Accepted version, 987.5Kb
Hicks, T., Verbeek, C. J. R., Lay, M. C., & Bier, J. M. (2014). Effect of oxidative treatment on the secondary structure of decoloured bloodmeal. RSC Advances, 4(59), 31201–31209. http://doi.org/10.1039/C4RA03890H
Permanent Research Commons link: http://hdl.handle.net/10289/9325
Bloodmeal can be decoloured using peracetic acid resulting in a material with a pale-yellow colour which only needs sodium dodecyl sulphate, water and triethylene glycol to extrude into a semi-transparent bioplastic. Fourier-transform infrared (FTIR) spectroscopy using Synchrotron light was used to investigate the effect of peracetic acid treatment at various concentrations on the spatial distribution of secondary structures within particles of bloodmeal. Oxidation caused aggregation of helical structures into sheets and acetic acid suppressed sheet formation. Decolouring with peracetic acid led to particles with a higher degree of disorder at the outer edges and higher proportions of ordered structures at the core, consistent with the expected diffusion controlled heterogeneous phase decolouring reaction. The degradation of stabilizing intra- and intermolecular interactions and the presence of acetate ions results in increased chain mobility and greater amorphous content in the material, as evidenced by reduction in Tg and greater enthalpy of relaxation with increasing PAA concentration.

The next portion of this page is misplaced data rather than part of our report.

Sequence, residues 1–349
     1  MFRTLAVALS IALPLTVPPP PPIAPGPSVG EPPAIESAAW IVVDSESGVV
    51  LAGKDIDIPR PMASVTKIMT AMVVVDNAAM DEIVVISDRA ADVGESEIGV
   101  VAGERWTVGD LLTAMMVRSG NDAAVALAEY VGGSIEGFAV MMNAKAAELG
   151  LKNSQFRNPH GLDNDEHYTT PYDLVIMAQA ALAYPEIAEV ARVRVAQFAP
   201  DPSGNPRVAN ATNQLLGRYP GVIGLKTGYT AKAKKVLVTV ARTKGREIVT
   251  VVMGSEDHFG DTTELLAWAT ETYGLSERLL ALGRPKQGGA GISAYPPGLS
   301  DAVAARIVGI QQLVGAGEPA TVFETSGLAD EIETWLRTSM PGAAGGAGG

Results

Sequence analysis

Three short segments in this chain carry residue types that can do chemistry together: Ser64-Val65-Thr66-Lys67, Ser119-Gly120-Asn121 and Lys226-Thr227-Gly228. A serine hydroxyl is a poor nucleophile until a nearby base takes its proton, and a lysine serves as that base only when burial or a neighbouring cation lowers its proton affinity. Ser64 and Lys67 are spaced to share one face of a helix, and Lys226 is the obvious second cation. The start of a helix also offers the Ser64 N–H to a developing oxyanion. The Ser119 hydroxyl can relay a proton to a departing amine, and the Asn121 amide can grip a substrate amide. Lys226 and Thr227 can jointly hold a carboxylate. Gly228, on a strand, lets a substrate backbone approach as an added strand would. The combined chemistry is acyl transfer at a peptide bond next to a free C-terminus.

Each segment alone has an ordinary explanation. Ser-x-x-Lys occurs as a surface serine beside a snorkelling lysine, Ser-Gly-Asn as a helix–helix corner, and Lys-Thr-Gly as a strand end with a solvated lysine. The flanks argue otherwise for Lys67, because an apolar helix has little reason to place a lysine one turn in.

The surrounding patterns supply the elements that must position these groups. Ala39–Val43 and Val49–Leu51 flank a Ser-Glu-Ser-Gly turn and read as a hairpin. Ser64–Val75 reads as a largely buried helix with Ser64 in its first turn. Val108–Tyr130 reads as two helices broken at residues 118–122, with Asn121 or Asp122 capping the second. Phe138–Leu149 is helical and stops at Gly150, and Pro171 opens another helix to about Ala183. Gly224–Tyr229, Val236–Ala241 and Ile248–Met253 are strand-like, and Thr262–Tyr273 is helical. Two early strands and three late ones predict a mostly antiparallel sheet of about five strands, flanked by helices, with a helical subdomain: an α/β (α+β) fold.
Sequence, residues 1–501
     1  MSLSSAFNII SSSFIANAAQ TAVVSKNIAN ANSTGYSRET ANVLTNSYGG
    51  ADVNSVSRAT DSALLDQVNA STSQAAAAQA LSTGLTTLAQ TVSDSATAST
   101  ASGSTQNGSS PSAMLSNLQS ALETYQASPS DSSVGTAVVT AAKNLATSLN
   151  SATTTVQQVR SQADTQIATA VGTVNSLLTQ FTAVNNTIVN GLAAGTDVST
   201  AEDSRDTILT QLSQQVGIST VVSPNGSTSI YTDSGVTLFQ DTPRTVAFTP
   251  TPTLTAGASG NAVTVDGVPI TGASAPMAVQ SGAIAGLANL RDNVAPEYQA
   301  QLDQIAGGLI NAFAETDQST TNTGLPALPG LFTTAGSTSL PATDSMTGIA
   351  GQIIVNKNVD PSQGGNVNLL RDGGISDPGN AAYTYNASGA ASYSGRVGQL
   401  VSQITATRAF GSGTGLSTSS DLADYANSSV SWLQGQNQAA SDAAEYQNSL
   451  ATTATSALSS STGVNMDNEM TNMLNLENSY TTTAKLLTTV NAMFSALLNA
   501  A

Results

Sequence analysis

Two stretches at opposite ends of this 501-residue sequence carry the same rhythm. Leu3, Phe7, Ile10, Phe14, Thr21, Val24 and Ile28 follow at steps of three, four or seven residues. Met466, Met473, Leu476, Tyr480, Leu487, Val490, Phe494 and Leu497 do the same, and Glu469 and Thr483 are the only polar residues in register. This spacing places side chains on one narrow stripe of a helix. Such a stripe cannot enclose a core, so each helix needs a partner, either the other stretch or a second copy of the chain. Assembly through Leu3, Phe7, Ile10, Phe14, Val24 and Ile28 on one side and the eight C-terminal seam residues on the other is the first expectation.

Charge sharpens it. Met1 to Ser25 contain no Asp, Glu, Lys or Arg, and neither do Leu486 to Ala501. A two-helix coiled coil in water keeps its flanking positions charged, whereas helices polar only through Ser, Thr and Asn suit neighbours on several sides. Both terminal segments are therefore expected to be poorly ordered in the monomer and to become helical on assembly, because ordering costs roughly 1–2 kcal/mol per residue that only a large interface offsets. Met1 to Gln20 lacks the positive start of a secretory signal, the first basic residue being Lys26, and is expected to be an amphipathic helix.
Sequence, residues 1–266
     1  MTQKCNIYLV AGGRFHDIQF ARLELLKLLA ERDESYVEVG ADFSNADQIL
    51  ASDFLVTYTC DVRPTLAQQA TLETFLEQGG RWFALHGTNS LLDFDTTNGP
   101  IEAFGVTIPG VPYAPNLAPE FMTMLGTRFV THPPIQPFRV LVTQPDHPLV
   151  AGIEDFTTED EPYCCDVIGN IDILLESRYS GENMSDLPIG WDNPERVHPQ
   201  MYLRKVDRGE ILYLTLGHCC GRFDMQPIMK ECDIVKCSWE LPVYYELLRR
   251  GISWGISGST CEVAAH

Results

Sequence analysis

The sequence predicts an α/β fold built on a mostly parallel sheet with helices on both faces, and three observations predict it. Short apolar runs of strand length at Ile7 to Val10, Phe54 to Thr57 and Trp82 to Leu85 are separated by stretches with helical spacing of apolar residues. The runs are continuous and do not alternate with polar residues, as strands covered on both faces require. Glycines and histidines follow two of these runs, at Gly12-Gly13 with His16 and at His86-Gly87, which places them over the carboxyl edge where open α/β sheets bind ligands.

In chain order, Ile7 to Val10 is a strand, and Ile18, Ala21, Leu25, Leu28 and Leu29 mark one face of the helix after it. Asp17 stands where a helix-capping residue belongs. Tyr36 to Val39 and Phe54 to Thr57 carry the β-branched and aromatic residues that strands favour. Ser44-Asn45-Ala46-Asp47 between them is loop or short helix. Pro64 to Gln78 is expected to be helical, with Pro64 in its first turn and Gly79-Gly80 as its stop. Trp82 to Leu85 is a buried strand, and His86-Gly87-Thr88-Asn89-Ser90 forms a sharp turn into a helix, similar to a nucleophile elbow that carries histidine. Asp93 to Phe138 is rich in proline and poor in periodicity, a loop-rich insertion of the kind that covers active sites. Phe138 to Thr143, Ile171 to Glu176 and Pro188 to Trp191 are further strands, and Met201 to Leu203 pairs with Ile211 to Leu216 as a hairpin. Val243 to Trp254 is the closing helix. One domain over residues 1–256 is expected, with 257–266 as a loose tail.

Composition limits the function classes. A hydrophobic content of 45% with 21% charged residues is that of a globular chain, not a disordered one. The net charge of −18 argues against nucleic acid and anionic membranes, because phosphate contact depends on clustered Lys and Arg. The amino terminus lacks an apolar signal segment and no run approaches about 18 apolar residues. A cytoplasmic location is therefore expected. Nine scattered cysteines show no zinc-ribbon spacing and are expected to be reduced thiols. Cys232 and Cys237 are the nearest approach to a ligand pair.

© 2014 The Royal Society of Chemistry